- Company: Mensch on a Bench
- Product: Jewish-themed plush doll and book (a holiday seasonal product)
- Asking Price: $150,000 for $10%
- Final Deal: $150,000 for 15%, with guaranteed investment payback within three years
- Sharks Who Took The Bait: Lori & Robert (joint deal)
- Season/Episode: Season 6, Episode 12
Shalom Is Where the Heart Is
Oy Vey, Bubbeleh! The world has Neal Hoffman of Cincinnati, OH, to thank for this delightful Yiddish riddle of an episode, falling just a little more than halfway through an otherwise drab, if not playfully antisemitic, Season 6 of Shark Tank. Luckily for us, the greatness of this episode is nothing compared to the greatness of the toy itself. Just look at the product line it inspired. (Scroll down to see the full catalog for this wonderfully original children’s brand.)
Hoffman is the former Hasbro executive, inventor, and unintentionally hilarious mastermind behind the Elf-on-a-Shelf Jewish alternative that absolutely nobody asked for, Mensch on a Bench.
Nobody asked for it, but as it turns out, everyone needed it.
Like all great things, the idea of Moshe the Mensch seemed absurd and impossible right up until the moment it took over the world.
Happy Shark Mitzvah, Bubbeleh.
There’s a word in Yiddish for what Hoffman exudes as he takes the stage, and that word is chutzpah. Beaming adorably, bouncing on his toes, gesturing wildly on a plain stage with no visible props, Neal’s enthusiasm and stage presence speak for him. He makes a strong case for what he sees as a revolutionary Jewish holiday product – because, as every American already knows, being a Jewish kid at Christmas time sucks. Neal’s goal is to make it suck just a little bit less.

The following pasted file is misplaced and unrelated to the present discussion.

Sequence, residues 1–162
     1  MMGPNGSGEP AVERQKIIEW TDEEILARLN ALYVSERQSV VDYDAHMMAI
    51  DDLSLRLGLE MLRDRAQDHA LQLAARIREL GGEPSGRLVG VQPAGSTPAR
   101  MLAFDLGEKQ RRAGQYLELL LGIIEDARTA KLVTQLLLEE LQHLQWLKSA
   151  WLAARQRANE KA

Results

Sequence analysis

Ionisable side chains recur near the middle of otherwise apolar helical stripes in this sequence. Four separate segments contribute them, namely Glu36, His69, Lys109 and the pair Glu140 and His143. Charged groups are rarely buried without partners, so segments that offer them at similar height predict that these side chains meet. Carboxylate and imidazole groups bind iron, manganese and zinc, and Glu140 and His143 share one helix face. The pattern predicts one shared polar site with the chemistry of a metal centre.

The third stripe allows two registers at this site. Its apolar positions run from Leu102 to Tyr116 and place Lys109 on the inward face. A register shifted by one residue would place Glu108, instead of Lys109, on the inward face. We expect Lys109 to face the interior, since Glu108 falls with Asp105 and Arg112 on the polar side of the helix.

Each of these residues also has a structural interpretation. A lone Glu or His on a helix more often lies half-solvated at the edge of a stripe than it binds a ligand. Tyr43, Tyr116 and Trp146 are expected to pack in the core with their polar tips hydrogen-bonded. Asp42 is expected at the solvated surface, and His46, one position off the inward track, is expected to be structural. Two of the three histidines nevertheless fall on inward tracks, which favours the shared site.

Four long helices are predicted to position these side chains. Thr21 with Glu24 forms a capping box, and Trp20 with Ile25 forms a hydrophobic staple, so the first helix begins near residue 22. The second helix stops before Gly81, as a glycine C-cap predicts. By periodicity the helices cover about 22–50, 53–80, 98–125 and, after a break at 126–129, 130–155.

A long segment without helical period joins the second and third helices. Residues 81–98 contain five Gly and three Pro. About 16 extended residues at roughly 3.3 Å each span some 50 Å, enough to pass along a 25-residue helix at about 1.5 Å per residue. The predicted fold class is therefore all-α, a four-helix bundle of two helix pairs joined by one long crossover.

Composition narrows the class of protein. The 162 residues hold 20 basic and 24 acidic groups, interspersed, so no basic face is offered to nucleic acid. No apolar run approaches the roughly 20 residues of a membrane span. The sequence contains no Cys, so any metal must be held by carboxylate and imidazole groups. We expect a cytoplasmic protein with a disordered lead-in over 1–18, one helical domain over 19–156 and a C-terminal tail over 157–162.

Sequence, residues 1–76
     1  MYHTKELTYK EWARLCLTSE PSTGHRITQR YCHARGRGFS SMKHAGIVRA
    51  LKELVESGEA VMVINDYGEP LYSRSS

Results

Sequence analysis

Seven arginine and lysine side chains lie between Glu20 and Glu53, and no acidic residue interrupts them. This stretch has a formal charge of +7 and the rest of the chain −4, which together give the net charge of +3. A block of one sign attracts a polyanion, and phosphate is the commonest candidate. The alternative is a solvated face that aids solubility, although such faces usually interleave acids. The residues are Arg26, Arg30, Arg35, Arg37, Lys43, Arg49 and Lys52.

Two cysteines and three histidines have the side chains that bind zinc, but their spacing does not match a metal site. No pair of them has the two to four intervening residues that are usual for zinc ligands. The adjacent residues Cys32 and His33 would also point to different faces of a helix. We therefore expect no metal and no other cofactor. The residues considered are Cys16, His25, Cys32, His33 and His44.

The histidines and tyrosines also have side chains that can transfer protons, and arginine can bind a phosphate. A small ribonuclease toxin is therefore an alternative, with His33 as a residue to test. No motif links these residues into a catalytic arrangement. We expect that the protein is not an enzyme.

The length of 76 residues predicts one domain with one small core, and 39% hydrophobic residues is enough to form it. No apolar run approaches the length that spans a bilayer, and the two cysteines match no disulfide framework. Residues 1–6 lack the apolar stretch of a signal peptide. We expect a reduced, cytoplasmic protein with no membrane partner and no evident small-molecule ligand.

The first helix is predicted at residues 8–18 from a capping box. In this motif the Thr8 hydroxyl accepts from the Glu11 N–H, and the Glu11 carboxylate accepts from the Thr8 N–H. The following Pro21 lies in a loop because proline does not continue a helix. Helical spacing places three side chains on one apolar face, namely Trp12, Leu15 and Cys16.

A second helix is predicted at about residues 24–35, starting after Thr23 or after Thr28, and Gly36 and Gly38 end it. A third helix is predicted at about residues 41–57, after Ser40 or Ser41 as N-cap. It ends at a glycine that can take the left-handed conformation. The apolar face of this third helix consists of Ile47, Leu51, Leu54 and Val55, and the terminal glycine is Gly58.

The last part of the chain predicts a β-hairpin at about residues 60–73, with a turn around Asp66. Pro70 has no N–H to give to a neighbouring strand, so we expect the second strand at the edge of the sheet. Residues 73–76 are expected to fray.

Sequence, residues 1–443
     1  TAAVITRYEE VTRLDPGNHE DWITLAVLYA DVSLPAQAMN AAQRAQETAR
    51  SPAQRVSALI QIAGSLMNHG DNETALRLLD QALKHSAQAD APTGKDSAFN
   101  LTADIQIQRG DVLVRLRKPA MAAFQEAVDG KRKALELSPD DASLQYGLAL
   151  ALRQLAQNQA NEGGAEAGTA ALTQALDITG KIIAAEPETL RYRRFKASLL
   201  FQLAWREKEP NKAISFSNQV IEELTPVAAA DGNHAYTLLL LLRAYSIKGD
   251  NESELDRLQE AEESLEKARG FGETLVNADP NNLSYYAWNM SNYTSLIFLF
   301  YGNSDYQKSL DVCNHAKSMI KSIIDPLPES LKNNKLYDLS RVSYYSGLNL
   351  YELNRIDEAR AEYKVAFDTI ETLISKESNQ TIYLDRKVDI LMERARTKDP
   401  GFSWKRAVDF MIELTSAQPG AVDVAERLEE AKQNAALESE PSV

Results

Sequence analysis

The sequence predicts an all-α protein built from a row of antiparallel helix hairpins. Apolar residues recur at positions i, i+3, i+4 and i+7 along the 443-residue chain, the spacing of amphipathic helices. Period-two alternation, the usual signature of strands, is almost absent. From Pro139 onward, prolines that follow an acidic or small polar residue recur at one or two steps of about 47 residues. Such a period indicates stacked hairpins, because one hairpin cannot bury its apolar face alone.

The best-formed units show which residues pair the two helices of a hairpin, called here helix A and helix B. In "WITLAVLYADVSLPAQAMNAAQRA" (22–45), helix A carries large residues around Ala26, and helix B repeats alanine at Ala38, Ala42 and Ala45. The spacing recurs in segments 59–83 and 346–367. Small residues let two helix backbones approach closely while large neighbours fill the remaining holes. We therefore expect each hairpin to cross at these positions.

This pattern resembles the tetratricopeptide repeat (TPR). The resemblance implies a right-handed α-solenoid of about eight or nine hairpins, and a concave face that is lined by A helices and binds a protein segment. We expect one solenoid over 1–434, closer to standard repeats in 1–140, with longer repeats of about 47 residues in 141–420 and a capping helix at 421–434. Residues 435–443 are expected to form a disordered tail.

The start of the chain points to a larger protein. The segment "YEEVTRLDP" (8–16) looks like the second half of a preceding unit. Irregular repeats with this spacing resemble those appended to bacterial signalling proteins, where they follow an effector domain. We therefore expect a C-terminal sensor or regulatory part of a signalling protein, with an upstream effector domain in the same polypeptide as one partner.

“I was walking through the store with my kids one Christmas,” says Neal. “We passed an Elf on a Shelf and my kid wanted to know why we didn’t have an elf in our house. Jews don’t have elves on shelves, I said. They have…” And here, this reporter presumes, a softly glowing cartoon menorah twinkled into existence above Neal’s head, while he stood in the animatronic reindeer aisle of some downtown Cincinnati Toys R Us, having an idea. You can see where this is going.
With charming introductions out of the way, Neal turns the table on the stage to his right to reveal a giant retail display of his product line, including a life-size Mensch doll perched beside a table overflowing with smaller dolls and books.
“Moshe the Mensch can become the centerpiece of your holiday tradition. It will watch over your menorah. Who wants to ‘gelt’ together and make some mensches?” Neal asks, to a largely non-receptive crowd.
It remains to be seen whether his unforgivable Yiddish pun will be forgiven. The sharks laugh and seem charmed by his presentation, however, even if the dolls are terrifying.
Undeterred, Neal plows ahead with his presentation, careful to mention that his product already has tons of support within the Jewish community. He doesn’t want to just sell a seasonal product, he says, but to develop his Mensch on a Bench concept into a credible, beloved Jewish brand.